Merkel in election setback amid discontent on euro-crisis
The opposition Social Democrats have won the regional elections in Mecklenburg-Western Pomerania, the home state of German chancellor Angela Merkel, whose popularity is dwindling amid growing discontent over the euro-crisis and the Greek bailouts.
Merkel's Christian Democrats (CDU) won 23.1 percent of the vote in the north-eastern state on Sunday (4 September), down from 28.8 percent in 2006, while her junior coalition party, the Liberal Free Democrats (FDP) plummeted to 2.7 percent, below the five-percent threshold needed to make it into the state legislature.
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Although it was expected to score badly, the FDP did not foresee being left out of the regional parliament, with secretary general Christian Lindner calling it "a bitter-tasting defeat".
The Social Democrats (SPD) bagged 35.7 percent of the vote, profiting from the disgruntlement felt by voters over the handling of the euro-crisis and the successive bailouts to Greece and other embattled euro countries.
Although general elections are scheduled only for 2013, Sunday's losses, likely to be repeated on 18 September in the city-state of Berlin, are indicative of the dwindling public support for Merkel's successive policy u-turns.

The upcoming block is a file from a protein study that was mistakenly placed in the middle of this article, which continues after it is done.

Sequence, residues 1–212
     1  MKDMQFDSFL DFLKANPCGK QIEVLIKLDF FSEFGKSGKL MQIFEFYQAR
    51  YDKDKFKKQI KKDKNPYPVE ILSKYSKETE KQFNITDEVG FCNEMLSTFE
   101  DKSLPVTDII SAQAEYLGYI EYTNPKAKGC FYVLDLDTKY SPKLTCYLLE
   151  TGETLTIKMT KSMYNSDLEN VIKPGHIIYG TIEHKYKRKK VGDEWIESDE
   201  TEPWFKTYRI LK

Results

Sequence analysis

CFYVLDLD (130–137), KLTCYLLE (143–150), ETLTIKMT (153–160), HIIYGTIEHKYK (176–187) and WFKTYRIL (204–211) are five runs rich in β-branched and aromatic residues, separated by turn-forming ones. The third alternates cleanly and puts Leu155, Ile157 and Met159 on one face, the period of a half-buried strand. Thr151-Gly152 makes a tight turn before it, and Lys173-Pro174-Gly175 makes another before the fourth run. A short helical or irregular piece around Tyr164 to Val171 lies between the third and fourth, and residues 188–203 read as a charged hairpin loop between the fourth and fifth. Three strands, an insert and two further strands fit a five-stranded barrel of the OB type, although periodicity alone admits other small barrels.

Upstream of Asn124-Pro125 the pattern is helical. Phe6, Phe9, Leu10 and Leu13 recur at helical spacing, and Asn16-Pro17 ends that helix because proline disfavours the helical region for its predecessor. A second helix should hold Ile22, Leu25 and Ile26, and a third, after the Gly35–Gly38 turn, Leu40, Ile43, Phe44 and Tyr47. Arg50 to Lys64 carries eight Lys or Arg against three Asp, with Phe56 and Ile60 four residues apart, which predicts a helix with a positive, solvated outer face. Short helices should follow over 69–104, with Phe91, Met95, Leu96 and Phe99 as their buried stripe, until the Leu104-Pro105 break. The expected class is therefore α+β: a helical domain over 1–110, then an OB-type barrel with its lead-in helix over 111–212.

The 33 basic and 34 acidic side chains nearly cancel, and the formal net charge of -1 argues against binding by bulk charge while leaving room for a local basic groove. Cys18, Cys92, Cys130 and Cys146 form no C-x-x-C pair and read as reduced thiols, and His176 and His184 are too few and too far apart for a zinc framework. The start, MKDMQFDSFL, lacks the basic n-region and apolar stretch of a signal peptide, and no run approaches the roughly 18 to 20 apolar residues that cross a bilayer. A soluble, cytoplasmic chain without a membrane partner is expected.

One of those u-turns, on economic governance in the eurozone, has been praised by her long-standing rival and former Social Democratic chancellor Gerhard Schroeder.
In an interview with Der Spiegel, Schroeder praised Merkel for having dropped her opposition to a two-speed Europe and embracing the idea of a "core EU" - that of the eurozone countries.
But this idea is alienating her supporters within the centre-right coalition, as it implies greater economic and fiscal unity at the EU level.
"We do not want a European super-state," said Bavarian Christian-Social Union leader Horst Seehofer, Merkel's ally in the south of the country.
And the bad news from Athens, where the government is struggling to meet the budget deficit targets agreed with the EU and IMF in return for a second €109 billion bailout, is denting Merkel's support further.
Parliamentarians from both the CDU and FDP parties are now openly calling for Greece to exit the eurozone.
Wolfgang Bosbach, a Christian-Democratic MP, told Tagesspiegel newspaper that Athens should consider an exit, because "it cannot expect massive financial support in the long run".
FDP finance expert Otto Solms said much of the same in an interview with the Frankfurter Allgemeine Sonntagszeitung. "It is worth considering whether a default and an exit from the euro don't offer better perspectives for Greece itself and for the monetary union," he said.
The coalition's make or break test will come at the end of this month when the Bundestag votes on extending the powers of the eurozone bailout fund (EFSF) and on the second Greek bailout.